'Private Lynch has been under my professional care for the past 15 months because of elevations in both the systolic and diastolic blood pressures. Readings for the most part have ranged around 220 systolic and 120 diastolic. Physical examination done on May 17, 1961, revealed the following: blood pressure was 220 systolic and 125 diastolic, the remainder of the physical examination was essentially normal. For a number of years he has been employed as a Police Department radio dispatcher. For the past year he has been troubled with headaches and dizziness which apparently are aggravated by his duties as a dispatcher. He has not responded to intensive medical therapy. The diagnoses are: (1) essential hypertension, (2) with uncontrolled elevations in blood pressure, and (3) hypertensive cardiovascular disease. 'It is believed that his condition is the direct result of the performance of his duties as a Metropolitan Policeman. I recommend that he appear before the Retirement and Relief Board for consideration of retirement. The disability rating is 100%.'

 Dr. G. Louis Weller testified as follows:

 'Q. Doctor, I notice there is no mention here of trauma at all?

 'A. Not in the letter, no sir. I think we have to consider elevated blood pressure from the standpoint of what we might call emotional trauma, not physical trauma; I think we have to differentiate those two types of trauma, the one type somebody gets hit by a prisoner or he's in a car that gets hit by another automobile, and that is what we diagnose as, or delineate as, physical trauma. The other type is when you are continually driving yourself, you're stimulating your adrenal medulla, you're releasing more and more adrenalin from your adrenal glands, your adrenalin is constricting the blood vessels, the so-called arterials, your adrenalin is undoubtedly doing a certain amount of damage to the structures in the base of the brain, and that is what we call emotional tension or stress syndrome, that is the term that is being widely used, and I think it is very descriptive, which we've used -- that is, the profession has used -- over a period of the last eight to ten years. And Private Lynch's case will fall into that type with repeated emotional problems.'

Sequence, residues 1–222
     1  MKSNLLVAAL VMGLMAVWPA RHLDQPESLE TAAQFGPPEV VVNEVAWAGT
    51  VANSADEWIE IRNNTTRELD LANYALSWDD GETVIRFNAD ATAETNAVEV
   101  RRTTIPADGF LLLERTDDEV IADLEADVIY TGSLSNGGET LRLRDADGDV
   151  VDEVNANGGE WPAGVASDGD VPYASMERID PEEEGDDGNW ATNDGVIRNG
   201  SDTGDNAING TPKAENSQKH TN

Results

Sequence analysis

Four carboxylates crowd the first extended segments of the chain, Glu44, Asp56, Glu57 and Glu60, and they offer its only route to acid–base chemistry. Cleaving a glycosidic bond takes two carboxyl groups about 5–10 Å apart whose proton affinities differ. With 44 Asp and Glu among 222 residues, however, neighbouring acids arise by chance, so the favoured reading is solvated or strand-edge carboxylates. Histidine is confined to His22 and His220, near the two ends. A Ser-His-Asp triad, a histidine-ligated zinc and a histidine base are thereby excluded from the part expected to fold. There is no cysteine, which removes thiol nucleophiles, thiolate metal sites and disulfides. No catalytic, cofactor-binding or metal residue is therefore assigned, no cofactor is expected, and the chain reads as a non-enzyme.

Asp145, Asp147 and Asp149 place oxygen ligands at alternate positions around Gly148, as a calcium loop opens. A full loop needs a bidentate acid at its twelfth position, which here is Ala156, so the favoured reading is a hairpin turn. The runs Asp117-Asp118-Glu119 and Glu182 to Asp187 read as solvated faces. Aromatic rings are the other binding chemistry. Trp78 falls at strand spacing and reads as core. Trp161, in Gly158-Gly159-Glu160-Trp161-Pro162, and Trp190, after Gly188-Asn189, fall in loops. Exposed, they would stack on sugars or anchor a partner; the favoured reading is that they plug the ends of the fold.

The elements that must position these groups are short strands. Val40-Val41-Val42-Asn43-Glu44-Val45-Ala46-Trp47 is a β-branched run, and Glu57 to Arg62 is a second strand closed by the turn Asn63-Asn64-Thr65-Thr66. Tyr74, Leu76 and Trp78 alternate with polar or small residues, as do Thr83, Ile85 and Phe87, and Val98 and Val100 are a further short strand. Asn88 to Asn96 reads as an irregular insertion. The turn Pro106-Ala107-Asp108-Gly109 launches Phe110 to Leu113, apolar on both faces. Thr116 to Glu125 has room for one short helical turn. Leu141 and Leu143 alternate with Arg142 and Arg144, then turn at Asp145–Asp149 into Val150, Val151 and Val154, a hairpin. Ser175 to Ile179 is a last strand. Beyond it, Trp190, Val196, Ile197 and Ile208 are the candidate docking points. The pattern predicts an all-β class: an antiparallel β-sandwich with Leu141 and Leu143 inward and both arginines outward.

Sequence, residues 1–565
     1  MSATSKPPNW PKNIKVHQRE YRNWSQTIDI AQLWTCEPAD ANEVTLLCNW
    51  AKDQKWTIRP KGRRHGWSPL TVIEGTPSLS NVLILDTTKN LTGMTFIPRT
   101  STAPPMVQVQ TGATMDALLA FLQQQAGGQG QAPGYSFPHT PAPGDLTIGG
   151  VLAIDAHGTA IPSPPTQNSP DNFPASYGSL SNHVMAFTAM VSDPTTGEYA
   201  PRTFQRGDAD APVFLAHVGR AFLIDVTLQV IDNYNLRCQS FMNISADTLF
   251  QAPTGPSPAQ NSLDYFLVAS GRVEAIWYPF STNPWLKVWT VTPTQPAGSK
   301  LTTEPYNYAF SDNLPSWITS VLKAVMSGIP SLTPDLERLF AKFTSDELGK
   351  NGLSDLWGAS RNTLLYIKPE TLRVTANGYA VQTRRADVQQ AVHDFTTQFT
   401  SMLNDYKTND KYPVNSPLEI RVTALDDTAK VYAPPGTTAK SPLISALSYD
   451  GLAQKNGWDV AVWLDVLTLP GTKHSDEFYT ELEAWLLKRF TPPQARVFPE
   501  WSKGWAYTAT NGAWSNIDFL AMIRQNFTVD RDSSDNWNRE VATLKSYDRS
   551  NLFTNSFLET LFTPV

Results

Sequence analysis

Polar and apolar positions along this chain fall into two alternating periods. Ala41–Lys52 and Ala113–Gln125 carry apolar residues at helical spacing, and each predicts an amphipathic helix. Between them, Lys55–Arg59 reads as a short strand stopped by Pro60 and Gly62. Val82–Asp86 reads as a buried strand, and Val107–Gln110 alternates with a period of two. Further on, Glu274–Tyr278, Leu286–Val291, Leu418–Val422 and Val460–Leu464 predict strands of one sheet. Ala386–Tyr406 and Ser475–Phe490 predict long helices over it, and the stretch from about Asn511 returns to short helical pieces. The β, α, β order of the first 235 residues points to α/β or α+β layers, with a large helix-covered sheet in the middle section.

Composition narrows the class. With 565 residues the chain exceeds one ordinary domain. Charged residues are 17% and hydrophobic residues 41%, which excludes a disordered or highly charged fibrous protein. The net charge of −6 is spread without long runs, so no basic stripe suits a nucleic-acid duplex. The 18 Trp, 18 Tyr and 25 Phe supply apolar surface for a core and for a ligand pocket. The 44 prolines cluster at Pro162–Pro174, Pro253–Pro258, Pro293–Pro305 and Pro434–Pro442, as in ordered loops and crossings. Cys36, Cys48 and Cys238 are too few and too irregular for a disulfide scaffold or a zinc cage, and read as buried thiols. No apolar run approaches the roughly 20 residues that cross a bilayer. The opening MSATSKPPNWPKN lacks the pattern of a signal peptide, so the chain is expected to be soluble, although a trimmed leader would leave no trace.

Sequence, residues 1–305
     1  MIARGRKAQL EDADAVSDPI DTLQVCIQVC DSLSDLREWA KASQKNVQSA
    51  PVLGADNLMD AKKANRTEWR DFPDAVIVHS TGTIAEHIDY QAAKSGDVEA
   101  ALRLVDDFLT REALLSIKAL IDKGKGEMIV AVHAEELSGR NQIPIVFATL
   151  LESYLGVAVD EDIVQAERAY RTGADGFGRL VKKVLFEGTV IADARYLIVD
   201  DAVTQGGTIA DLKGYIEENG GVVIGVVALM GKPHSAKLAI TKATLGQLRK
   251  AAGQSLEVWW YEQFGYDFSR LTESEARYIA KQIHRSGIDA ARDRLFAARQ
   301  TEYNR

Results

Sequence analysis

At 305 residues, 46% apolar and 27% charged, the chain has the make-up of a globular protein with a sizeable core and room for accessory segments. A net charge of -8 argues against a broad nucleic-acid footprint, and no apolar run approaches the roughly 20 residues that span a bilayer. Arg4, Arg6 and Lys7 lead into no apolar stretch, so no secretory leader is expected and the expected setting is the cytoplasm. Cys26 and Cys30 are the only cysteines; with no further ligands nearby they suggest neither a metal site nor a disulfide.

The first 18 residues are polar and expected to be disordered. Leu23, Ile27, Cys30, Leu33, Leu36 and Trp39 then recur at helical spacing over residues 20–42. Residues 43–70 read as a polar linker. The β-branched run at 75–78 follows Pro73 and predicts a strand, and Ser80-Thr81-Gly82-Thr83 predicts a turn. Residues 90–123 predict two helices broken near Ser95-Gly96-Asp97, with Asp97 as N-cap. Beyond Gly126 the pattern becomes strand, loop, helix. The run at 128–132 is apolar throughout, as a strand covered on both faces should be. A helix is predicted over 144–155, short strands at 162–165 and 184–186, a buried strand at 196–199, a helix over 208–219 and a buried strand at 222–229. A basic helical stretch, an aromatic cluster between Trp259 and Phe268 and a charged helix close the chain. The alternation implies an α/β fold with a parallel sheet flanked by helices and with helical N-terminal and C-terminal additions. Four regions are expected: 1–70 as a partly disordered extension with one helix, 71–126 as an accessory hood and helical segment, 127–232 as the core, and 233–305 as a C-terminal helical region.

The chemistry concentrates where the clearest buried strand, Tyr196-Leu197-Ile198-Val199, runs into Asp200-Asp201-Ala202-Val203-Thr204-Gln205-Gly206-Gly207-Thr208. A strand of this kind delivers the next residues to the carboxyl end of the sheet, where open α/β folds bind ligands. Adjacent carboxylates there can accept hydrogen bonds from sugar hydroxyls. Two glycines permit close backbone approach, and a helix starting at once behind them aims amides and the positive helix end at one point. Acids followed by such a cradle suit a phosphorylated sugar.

The plaintiff described his work in the radio dispatch room as follows:

 'And of course my duties the last 13 years now, I've been there since 1948 when they first opened up -- why, I've been more or less under stress I would say, that would be the only expression I could use. There's no hour goes by that there isn't something happening, and unusual happenings why naturally you'd feel it more. For instance, such occasions as the Puerto Rican affair we had about five years ago; I was by myself then, I had to initiate the action there. My fellow dispatcher, there were only two dispatchers there, happened to be out of the room; and situations such as that crop up from time to time and you do have to use a little judgment and it puts you under a little unnecessary stress. And I've worked along with Chief Wallrodt here many, many times, I guess he could probably testify to that; many, many important happenings; and you do feel it, it just crops up within you. When you go home, why you're a couple, two or three hours before you're calmed down.'